Bits and Pieces

On October 23, 2011, in Acceleration Uncategorized

A European court has ruled that methods using embryonic stem cells for research cannot be patented. If researchers can’t profit from the methods they develop (and without a patent, it is hard to do so) then they will either develop them pro bono publico and let others patent and profit from the methods in regions […]

Digital Medicine

On October 23, 2011, in Digital Medicine

A computer model of early embryonic development in vertebrates is an important step in systems biology and computational biology, two nearly identical fields that will play a growing role in a new branch of medicine we call “digital medicine” by simulating human anatomy, physiology, metabolism and more on a computer. Surgeons already practice such medicine […]

Genomics and Bionics

On October 23, 2011, in Bionics Genomics

A well-designed and -implemented study has shown that our descendants will live longer if we take the right steps to live longer ourselves. Healthier behavior can change gene expression in an individual, and the life-prolonging results of that change are passed on the individual’s descendants—even though, perplexingly, the epigenetic change itself is not passed on. […]

Child Abuse

On October 17, 2011, in Uncategorized

Am I the only one who thinks the horrible trend in child abuse is important enough to warrant urgent and spirited public debate? I was starting to think so until I saw an excellent multimedia treatment of “America’s child death shame” by the BBC. It inspired me to dust off an article I wrote but […]

The Week in Tweets, Oct. 9-16, 2011

On October 17, 2011, in Bionics Genomics Regenerative Medicine

Here’s our weekly summary of tweets from @hfdigest, and their significance. Genomic and Regenerative Medicine Until now, the known genetic markers for melanoma have all been associated with skin pigmentation or moles. Now, three have been found that are not associated in that way, which means that people with those markers may be at even […]

The Week in Tweets, Oct. 2-9, 2011

On October 8, 2011, in Uncategorized

Here’s our weekly summary of tweets from @hfdigest, and their significance. The Practice of Medicine A study has claimed to show that an MRI brain scan can detect pedophiles. Well, that study may have a lot of problems; however, it is part of an inexorable trend in which medicine is turning from an art to […]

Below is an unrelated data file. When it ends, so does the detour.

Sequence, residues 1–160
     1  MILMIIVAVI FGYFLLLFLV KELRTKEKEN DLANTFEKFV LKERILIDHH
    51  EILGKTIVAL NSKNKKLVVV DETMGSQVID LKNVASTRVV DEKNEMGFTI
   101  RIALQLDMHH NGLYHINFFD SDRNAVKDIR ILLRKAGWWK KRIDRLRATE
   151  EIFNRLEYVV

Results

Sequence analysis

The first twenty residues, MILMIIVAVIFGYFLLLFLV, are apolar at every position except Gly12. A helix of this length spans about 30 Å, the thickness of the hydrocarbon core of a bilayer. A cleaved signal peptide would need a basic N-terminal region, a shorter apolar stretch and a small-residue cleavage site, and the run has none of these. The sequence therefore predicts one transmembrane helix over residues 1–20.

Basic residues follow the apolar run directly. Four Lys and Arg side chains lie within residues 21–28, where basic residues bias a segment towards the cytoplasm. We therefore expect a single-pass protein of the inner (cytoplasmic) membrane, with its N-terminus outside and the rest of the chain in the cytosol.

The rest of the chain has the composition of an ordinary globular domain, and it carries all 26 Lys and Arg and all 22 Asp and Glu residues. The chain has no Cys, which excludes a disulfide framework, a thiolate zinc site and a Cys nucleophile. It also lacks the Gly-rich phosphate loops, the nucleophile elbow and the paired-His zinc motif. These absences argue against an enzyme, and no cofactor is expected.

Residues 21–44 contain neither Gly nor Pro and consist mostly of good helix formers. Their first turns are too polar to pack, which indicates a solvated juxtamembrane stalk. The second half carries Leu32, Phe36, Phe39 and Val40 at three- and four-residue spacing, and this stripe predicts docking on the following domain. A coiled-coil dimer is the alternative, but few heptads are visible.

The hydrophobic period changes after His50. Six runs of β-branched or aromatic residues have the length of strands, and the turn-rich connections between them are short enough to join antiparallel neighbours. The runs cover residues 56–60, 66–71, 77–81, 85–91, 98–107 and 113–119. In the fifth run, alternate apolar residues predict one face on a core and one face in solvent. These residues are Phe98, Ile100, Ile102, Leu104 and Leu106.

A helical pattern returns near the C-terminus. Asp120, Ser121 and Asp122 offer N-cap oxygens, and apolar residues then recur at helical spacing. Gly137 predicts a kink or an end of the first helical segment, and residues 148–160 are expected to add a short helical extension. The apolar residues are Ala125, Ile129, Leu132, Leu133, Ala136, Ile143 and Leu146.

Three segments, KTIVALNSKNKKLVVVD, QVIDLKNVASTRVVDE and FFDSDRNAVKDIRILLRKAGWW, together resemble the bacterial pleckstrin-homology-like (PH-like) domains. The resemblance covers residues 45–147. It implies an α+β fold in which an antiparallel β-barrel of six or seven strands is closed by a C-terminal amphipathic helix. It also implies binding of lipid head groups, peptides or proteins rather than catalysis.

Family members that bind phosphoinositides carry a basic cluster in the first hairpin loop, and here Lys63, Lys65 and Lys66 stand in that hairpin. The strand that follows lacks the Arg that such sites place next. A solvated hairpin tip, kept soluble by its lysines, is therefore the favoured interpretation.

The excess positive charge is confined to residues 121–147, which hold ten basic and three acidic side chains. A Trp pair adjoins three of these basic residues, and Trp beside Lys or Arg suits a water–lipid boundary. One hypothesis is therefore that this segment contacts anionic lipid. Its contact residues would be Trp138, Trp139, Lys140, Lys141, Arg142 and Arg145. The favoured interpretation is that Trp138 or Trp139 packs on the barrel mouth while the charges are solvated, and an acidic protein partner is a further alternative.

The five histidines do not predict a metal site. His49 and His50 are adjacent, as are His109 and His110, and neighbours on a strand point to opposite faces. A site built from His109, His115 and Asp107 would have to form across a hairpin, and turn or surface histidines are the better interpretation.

Weekly Digest of Tweets

Here’s our weekly summary of tweets from @hfdigest, and their significance. Aging We have known for some time that adult stem cells age, as do all our cells. But until recently we did not know we can rejuvenate them—in the petri dish, anyway. This extraordinary breakthrough could make us younger, and not merely stop growing […]


On August 4, 2011, in Acceleration

Neo-Luddism–the belief (roughly put) that machines destroy jobs–may seem off-topic for a blog about the future of healthcare, but I am still swimming in thoughts that arose while writing my recently published book about the rise of machine intelligence (Deus ex Machina sapiens) and I maintain that the topic is really not off-beat at a […]

Healthcare Innovation: Policy and Financing Issues

On June 1, 2011, in Healthcare Innovation

Last December, a consumer watchdog group questioned the legality of advertising medical devices on YouTube, and called on regulators to crack down on such promotions. The videos tout the benefits of the devices but do not mention the risks, according to the group, in contravention of US Food and Drug Administration rules requiring a balanced […]

Regenerative Medicine 2: Stem Cell Therapies

On May 1, 2011, in Regenerative Medicine

In the first (April) issue of this four-part series about regenerative medicine, we talked about the gold rush into stem cell territory, seen by venture capitalists, researchers, and clinicians to contain rich seams of untapped potential for providing significantly better medicine. In this issue, we provide specific examples of stem cell therapies under development and […]